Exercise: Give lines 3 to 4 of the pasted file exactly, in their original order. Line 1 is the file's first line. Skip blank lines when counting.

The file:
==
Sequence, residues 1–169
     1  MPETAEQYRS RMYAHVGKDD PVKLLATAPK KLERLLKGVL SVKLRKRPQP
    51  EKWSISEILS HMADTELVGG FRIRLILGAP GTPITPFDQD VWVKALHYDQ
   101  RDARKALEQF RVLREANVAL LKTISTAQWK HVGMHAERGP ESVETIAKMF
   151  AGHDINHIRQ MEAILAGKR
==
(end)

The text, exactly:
    51  EKWSISEILS HMADTELVGG FRIRLILGAP GTPITPFDQD VWVKALHYDQ
   101  RDARKALEQF RVLREANVAL LKTISTAQWK HVGMHAERGP ESVETIAKMF